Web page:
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“This memoir of a life spent driving trucks full of strangers' personal belongings across the country is the book I didn't know I needed. Finn Murphy writes engaging slice-of-life stories about his time as a long-haul truck driver while also showing the changes in the trucking industry and American life in the decades he's spent pulling thousands of pounds up mountains, through storms, and across plains. Trucking is a solitary life, but Murphy grabbed me like a friend and took me with him on his journey.”
— Jamie Thomas (E), Women & Children First, Chicago, IL
“A thoroughly enjoyable memoir of the romance and reality of a life on the road—specifically, a long-haul mover, or ‘bedbugger,’ in the terms of the trade—that manages to be as wise about class and culture in modern America as any academic treatise.”
— Tom Nissley, Phinney Books, Seattle, WA
A long-haul mover’s rollicking account of life out on the Big Slab.
More than thirty years ago, Finn Murphy dropped out of college to become a long-haul trucker. Since then he’s covered more than a million miles packing, loading, and hauling people’s belongings all over America. Known by his trucker handle as U-Turn, he spends his days (and many of his nights) in a 53-foot eighteen-wheeler he calls Cassidy.
In The Long Haul, Murphy offers a trucker’s-eye view of America on the move. Going far beyond the myth of the American road trip, he whisks readers down the I-95 Powerlane, across the Florida Everglades, in and out of the truck stops of the Midwest, and through the steep grades of the Rocky Mountains. As he crisscrosses the country, Murphy recounts with wit, candor, and charm the America he has seen change over the decades, from the hollowing-out of small towns to changing tastes in culture and home furnishings.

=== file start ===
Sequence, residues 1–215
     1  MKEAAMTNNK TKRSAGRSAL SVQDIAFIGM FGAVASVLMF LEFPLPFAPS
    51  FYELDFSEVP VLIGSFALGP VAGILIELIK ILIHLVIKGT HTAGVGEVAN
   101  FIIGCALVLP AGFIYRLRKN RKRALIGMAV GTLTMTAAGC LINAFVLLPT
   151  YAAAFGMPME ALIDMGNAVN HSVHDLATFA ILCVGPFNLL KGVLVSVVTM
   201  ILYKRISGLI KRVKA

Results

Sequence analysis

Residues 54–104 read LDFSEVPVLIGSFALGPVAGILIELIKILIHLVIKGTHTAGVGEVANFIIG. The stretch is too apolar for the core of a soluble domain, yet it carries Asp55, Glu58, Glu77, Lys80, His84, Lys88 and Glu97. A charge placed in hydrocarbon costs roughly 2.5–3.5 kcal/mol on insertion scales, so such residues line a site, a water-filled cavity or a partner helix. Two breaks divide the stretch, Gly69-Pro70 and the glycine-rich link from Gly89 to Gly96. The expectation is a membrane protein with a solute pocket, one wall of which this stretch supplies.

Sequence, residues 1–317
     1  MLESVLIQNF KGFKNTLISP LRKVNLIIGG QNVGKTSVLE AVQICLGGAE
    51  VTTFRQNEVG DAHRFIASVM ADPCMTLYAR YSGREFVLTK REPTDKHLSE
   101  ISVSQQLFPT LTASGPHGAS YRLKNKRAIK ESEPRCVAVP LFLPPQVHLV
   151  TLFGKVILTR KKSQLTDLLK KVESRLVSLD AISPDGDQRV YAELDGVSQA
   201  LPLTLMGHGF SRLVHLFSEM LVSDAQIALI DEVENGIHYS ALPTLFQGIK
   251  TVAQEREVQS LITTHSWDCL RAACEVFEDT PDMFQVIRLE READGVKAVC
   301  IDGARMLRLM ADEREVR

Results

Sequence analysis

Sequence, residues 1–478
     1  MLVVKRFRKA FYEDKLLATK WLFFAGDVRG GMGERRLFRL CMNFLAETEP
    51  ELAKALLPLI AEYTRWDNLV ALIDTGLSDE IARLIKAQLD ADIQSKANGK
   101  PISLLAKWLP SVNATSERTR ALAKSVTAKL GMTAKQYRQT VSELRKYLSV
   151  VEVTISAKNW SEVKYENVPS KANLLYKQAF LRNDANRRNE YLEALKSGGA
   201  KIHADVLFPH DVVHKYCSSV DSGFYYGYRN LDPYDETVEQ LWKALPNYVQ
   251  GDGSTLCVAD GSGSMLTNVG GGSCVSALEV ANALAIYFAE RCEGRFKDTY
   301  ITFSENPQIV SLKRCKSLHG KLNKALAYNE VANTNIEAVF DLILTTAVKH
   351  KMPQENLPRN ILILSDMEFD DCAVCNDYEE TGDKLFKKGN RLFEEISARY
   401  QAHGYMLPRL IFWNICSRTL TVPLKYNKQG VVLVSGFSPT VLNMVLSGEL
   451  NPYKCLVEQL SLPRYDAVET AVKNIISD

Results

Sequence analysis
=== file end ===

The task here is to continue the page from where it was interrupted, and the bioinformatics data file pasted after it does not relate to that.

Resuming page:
Some 40 million Americans move each year, and very few have any idea what they’re getting into or the kind of person to whom they are relinquishing their worldly goods. The Long Haul is also a behind-the-scenes look at the moving industry, revealing what really happens when we call in “the movers.”
Through it all, Murphy tells poignant, funny, and often haunting stories of the people he encounters on the job: a feisty hoarder in New Hampshire; a Virginia homeowner raging when Murphy’s truck accidentally runs down a stand of trees; an ex-banker in Colorado who treats Finn and his crew with undisguised contempt; a widow who needs Murphy to bring her archeologist husband’s remains and relics to a Navajo burial ceremony in New Mexico. These experiences inspire Finn’s memorable reflections on work, class, and the bonds we form with the things we own and the places we live.
Brimming with personality and filled with great characters, The Long Haul is a resonant portrait of the enduring appeal of manual labor in the dark underbelly of the American Dream.